Kidney and Cardiovascular Disease Risk Genes Aren’t the Same

For the most part, gene variants associated with kidney disease and cardiovascular disease are different from one another, according to a report in the American Journal of Kidney Diseases.

Two targeted single-nucleotide polymorphism (SNP) analyses were performed by the use of data from many thousands of participants enrolled in six different disease consortia. The first analysis looked for associations between 19 SNPs known to be associated with kidney function and a series of vascular phenotypes. The second analysis sought associations of 64 validated vascular SNPs with markers of kidney damage.

One kidney disease–related SNP—rs653178 near the SH2B adaptor protein 3 gene (SH2B3)—was also associated with systolic and diastolic blood pressure and coronary artery disease, as previously reported. Otherwise, the kidney disease variants were not significantly associated with vascular phenotypes, with nonsignificant results in 127 out of 133 tests.

Likewise, most SNPs associated with vascular phenotypes were unrelated to kidney phenotypes, with nonsignificant results in 187 out of 192 tests. The only exceptions were two highly correlated SNPs at the SH2B3 locus.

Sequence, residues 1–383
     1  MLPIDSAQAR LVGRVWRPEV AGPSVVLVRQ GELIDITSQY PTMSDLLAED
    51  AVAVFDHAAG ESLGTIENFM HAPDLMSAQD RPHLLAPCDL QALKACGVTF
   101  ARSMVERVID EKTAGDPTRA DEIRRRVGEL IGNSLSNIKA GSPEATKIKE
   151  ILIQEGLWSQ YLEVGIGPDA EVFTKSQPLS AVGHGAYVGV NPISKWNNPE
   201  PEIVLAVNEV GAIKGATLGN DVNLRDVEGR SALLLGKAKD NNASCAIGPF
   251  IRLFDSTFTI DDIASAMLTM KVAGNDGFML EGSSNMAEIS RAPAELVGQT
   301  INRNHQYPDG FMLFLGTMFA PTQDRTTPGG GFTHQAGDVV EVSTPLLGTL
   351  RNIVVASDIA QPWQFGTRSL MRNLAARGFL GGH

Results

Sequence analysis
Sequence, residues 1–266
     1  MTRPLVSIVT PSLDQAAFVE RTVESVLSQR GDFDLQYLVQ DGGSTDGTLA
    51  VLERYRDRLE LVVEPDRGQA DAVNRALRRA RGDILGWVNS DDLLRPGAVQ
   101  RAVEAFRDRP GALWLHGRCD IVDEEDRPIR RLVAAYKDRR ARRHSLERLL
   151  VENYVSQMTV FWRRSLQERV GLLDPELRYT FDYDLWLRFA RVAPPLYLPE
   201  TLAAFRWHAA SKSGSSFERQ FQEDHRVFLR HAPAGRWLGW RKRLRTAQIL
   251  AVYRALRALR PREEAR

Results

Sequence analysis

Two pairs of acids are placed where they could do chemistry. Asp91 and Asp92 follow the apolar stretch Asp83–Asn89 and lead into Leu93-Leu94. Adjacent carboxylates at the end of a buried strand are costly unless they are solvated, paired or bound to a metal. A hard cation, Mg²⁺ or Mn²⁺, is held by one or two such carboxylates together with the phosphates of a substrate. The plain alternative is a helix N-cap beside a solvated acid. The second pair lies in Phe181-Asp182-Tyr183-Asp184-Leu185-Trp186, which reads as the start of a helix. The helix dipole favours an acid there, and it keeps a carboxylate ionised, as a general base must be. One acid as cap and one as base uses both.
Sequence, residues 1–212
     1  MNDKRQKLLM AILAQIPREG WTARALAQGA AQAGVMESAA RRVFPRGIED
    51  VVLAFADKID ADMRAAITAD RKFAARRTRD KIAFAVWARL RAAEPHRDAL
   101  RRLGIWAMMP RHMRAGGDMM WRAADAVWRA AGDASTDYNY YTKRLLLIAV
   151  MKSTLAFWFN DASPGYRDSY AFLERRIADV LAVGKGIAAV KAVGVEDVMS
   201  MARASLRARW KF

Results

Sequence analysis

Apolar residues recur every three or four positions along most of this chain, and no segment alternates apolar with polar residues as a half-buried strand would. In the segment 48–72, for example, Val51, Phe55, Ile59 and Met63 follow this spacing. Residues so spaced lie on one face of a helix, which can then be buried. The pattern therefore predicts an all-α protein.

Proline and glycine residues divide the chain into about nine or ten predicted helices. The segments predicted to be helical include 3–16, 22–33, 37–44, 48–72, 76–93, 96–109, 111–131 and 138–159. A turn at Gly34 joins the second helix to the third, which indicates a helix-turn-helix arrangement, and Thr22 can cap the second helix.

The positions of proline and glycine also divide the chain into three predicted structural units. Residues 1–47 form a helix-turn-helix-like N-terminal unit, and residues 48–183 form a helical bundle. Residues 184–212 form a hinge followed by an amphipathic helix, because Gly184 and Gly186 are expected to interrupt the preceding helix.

Given the strong associations between chronic kidney disease and cardiovascular disease, a shared genetic basis is possible. But the new study finds little overlap among the gene variants associated with kidney disease versus cardiovascular disease, with the notable exception of the SH2B3 locus. Rather than a genetic explanation, the associations between kidney and cardiovascular disease may reflect “a function of the disease milieu itself,” the researchers write [Olden M, et al. Overlap between common genetic polymorphisms underpinning kidney traits and cardiovascular disease phenotypes: The CKDGen Consortium. Am J Kidney Dis 2013; 61:889–898].

July 2013 (Vol. 5, Number 7)